Semester Wrap-Up and Summer Plans

With the submission of final grades, this unprecedented spring semester is now behind me. For students and colleagues at other institutions who may still have a few more days or weeks to go, hang in there! I’m extremely proud of our students for their resilience and flexibility, and honored to be working with such dedicated faculty and staff. They truly went above and beyond to help our students be successful.

As we move into the summer, I’ll be shifting gears a bit and working on some longer-term projects as well as a few smaller things. One major undertaking is learning to use several apps in the Adobe Creative Cloud, including InDesign, Premiere Pro, and Audition. I’ve had experience with similar software, but this will be my first in-depth look at Adobe’s apps. So far I’ve been very impressed with their power and versatility, and look forward to learning more. I also have plans for another book with Mountain Peak Music. It’s still in the planning stage, but I hope to knock out a large portion of it this summer.

In my own horn playing, I’ll continue to work with the Caruso Routine, as well as various etudes, solos, and other repertoire to keep in shape. One new series that I’ve really enjoyed is Jim Stephenson‘s Maytudes. The composer’s description is below:

A French horn etude project in consultation with Gail Williams, with one etude created every day during the month of May, 2020. Subscribers would receive a new etude in their email box every day, for their own private “world premiere!”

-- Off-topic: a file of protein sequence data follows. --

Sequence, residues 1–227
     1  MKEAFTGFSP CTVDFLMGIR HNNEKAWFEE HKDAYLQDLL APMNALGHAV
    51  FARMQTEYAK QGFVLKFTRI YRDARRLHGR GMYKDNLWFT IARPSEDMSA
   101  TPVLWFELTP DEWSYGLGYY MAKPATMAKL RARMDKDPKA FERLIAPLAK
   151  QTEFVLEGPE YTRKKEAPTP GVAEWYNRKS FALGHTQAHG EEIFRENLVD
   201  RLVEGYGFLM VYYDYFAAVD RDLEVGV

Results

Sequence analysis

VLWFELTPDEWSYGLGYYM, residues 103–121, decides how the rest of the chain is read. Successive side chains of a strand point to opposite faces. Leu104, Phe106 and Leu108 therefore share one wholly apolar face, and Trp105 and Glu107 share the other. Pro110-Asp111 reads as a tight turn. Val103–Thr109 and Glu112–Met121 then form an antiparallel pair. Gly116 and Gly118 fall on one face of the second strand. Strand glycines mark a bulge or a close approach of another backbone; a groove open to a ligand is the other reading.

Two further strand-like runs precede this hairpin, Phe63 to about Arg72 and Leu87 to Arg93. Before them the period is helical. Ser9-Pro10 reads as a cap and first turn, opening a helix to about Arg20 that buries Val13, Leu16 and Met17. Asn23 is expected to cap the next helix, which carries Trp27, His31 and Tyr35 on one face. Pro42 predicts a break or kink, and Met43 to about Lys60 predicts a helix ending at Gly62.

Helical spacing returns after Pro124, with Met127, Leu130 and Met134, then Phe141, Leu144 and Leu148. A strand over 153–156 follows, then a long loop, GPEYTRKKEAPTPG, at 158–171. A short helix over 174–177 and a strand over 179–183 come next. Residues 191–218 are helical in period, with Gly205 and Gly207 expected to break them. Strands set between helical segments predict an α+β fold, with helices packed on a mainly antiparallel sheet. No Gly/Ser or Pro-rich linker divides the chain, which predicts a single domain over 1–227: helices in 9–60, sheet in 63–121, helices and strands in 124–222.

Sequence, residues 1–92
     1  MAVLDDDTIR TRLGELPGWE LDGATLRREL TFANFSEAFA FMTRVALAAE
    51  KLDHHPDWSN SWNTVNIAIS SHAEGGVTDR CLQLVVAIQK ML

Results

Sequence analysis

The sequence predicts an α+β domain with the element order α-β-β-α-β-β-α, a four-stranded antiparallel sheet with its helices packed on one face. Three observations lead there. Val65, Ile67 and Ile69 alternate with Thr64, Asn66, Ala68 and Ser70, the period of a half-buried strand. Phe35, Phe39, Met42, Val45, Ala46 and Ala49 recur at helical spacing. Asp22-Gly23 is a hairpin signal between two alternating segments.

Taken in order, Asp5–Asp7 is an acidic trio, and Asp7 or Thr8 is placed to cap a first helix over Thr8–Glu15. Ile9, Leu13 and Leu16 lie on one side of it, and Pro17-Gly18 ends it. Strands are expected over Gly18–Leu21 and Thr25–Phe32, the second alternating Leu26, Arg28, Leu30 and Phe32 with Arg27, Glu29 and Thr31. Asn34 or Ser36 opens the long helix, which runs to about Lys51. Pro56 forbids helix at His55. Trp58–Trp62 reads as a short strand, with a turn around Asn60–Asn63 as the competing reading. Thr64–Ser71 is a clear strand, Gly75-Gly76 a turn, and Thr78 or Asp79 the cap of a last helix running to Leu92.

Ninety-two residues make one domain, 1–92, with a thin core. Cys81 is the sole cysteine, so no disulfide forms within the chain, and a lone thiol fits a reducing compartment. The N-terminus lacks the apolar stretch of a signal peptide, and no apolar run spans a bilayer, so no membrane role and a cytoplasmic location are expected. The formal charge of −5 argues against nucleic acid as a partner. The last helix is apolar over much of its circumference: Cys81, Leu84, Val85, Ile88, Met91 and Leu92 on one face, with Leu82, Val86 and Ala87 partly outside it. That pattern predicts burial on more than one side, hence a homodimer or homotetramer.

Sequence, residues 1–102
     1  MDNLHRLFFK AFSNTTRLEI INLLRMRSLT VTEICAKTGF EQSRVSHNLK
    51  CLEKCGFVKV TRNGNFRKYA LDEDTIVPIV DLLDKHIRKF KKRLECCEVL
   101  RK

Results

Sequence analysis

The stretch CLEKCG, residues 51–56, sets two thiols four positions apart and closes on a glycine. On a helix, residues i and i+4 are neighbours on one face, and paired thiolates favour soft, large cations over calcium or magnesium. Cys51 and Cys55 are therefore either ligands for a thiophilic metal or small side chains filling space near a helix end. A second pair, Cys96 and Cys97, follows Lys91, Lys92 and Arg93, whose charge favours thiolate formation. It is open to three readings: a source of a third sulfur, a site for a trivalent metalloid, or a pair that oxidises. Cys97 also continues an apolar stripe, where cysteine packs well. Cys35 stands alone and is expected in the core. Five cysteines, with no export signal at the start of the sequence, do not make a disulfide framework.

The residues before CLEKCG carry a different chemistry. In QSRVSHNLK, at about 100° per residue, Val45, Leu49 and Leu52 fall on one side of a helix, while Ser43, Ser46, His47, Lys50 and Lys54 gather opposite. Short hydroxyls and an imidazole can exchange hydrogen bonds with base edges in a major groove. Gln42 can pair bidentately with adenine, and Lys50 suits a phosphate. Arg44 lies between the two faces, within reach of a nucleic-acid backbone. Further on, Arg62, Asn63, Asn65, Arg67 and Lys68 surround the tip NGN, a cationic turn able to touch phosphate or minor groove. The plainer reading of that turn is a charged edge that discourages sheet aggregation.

It’s a really cool idea, and the etudes are very well-written, but tough! I’ve recorded a video of the first one (with the composer’s permission), and plan to record more as I’m able. It takes me about a week to learn each one. If you are looking for a good summer practice project it may still be possible to join the Maytudes project. Contact the composer directly to inquire.

In addition to the above, my plans are to continue to enjoy spending time at home with my family. This extra time with loved ones has been a bright spot in the midst of the COVID-19 crisis. Hopefully stay-at-home restrictions will ease throughout the summer, and we will be able to safely venture back into public spaces. If you’ve read this far, thank you! and best wishes for a safe and restful summer.


Cannon Music Camp

For the next three weeks I’ll be teaching horn at Cannon Music Camp, on the campus of my undergraduate Alma mater, Appalachian State University. Here’s a brief description of the camp from their Facebook page.

Since 1969, Cannon Music Camp has offered the most comprehensive course of musical instruction in the Southeast, with intensive college preparatory work in ensemble performance, one-on-one instruction, and music theory.

It’s a wonderful program, serving band, orchestral, choral, and piano students. This was the first music camp I ever attended, and I’m honored to be on the faculty this summer. There are eight horn students – including one from Louisiana – and they are all eager and talented. I’ll be getting to know them better in our weekly lessons and master classes, and will be posting some weekly updates here about the various horn-related and other activities during camp. One thing I’ve been thinking about lately is what topics to cover in the weekly master class. Since time is limited, there are some things we won’t have time to do, but we will definitely be talking about warm-ups/fundamentals, instrument maintenance, and other basic info, as well as things like recommended recordings and websites. I’m not living on campus during camp because both my parents and my wife’s parents live within an easy driving distance, but I plan to attend as many concerts and other camp events as my schedule allows. One last thing worth mentioning is that I’m teaching in my former horn teacher’s studio, which along with bringing back some great memories has the very nice view shown to the left.